• Rav Ezra Bick

Sponsored by Aaron and Tzipora Ross and family
in honor of the yahrtzeits of our esteemed grandparents:
Neil Fredman (Shmuel Nachamu ben Shlomo Moshe HaKohen, 10 Tevet),
Clara Fredman (Chaya bat Yitzchak Dovid, 15 Tevet),
and Walter Rosenthal (Shimon ben Moshe, 16 Tevet).

            We have spent four shiurim eating. Now it is time to pray.

            Actually, from the halakhic point of view, that order of things is totally wrong. There is a specific prohibition on eating in the morning before praying. The reason is simple, and indicates something about the place of prayer in the halakhic scheme. Eating before praying means placing concern for oneself before concern for God. In other words, prayer is THE mitzva which expresses concern for God - the thing that most people generally consider the focus of religion in general.

            Which brings me to an important distinction. This course is about the meaning of Halakha. I would never claim that halakha exhausts the meaning of Judaism in general, or even of Jewish life. If you have been reading this course since the beginning, I think it should be clear that the focus of Halakha is very much MAN - how he lives, how he finds meaning in his life. (Of course, the source of that meaning and of the halakhic dictates is God). Religion, at least as it is understood in Christian countries, is mostly about relating to God. I think it should be clear by now that the halakhic experience and the religious experience are not necessarily identical. The most conspicuous halakhic example of a religious experience though is prayer. In this case, by concentrating on the specific nature of the halakhic experience of prayer, I will undoubtedly limit the discussion greatly. There is clearly more to prayer than what we will discuss. In fact, there are whole bookshelves. I wish to restrict myself to trying to understand the meaning of the practice of prayer, as mandated by halakha. Anything performed three times a day, every day of the year, is undoubtedly going to have a major influence on the shape of one's life.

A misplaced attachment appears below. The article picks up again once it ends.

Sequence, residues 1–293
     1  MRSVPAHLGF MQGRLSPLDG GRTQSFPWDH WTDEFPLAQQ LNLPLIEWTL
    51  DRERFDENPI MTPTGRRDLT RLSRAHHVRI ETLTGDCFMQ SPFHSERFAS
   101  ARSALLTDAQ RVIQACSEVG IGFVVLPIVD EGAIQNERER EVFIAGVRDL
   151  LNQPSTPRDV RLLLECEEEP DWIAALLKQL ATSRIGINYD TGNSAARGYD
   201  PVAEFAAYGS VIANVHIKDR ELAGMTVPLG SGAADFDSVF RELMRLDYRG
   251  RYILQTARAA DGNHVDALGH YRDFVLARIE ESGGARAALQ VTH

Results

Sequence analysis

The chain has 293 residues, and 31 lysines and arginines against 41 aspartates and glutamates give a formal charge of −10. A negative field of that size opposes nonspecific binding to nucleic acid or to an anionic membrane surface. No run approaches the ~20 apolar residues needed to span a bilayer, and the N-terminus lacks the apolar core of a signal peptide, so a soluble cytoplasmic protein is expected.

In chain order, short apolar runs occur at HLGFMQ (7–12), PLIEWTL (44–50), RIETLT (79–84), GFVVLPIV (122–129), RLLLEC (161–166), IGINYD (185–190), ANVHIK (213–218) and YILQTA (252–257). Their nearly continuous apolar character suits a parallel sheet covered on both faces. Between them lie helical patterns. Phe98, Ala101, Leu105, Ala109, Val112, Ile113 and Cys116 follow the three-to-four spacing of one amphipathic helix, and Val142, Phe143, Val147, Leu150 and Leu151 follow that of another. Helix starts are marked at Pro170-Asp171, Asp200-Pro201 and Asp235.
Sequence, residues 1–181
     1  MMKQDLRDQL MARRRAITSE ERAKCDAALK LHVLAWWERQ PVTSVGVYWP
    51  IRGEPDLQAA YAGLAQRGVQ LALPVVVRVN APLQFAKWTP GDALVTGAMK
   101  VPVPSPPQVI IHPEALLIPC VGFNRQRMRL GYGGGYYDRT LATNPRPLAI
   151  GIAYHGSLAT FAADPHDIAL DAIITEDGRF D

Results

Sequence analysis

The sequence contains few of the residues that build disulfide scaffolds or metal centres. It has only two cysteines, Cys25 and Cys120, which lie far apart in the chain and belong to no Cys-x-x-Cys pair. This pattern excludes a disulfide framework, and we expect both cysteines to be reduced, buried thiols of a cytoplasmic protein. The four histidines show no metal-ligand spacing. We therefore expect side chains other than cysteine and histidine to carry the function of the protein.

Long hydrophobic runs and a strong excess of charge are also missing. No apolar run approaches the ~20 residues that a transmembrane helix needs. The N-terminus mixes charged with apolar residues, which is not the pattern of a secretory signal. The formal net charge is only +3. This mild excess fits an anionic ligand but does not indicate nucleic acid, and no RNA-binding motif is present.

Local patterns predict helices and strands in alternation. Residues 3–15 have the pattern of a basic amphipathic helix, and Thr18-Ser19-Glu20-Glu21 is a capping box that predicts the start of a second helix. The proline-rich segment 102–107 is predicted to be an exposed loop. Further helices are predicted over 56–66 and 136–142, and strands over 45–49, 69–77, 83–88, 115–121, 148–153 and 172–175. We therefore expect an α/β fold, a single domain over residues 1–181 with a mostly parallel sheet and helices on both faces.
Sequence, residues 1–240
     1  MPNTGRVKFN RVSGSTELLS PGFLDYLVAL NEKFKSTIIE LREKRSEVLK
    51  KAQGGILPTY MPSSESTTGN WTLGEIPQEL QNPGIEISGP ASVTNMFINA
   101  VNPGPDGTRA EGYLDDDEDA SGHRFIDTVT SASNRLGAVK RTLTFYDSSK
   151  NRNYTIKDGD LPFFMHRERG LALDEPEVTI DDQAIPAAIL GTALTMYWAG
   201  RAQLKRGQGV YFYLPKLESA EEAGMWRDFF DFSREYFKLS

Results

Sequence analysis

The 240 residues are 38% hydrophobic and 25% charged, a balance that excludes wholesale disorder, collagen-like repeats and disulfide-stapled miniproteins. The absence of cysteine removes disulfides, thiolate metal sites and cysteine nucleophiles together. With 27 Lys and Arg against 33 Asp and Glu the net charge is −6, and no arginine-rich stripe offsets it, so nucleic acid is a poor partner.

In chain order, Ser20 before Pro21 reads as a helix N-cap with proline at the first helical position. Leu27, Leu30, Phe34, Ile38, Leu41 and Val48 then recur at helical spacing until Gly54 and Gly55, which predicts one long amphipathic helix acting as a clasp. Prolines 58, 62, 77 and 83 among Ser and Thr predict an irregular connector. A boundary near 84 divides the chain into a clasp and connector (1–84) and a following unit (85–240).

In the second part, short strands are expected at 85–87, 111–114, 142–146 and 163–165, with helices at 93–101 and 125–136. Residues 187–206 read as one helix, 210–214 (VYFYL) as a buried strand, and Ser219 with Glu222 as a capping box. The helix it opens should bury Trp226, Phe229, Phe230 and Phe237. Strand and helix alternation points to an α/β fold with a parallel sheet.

In fact, that last point is one of the most obvious and striking facets of prayer in Judaism. Unlike what one assumes, that speaking to God should be spontaneous and unrestricted, halakhic prayer (tefila) is a mandated repetition, three times a day, of the same mandatory text. As generations of observant Jews have noticed, it is difficult, perhaps impossible, to bring an exalted deep sense of emotional experience to something that is performed so regularly, and under such strong constraints. What this basically means is that the Halakha does not abandon its character as LAW when approaching tefila. What does this mean for the individual?

            There are two halakhic categories that I think are essential to understanding tefila. The first is "avoda" (service).

            The Rambam rules that prayer is a positive commandment of the Torah. The verse that is the source for this mitzva, according to the Rambam, is "And you shall serve HaShem your God" (Exodus 23,25). The Rambam adds, "It is written, 'to serve him with all your heart' (Deut. 11,13). The Sages said, what is the service (avoda) of the heart - this is prayer" (Rambam, Hilkhot Tefila 1,1).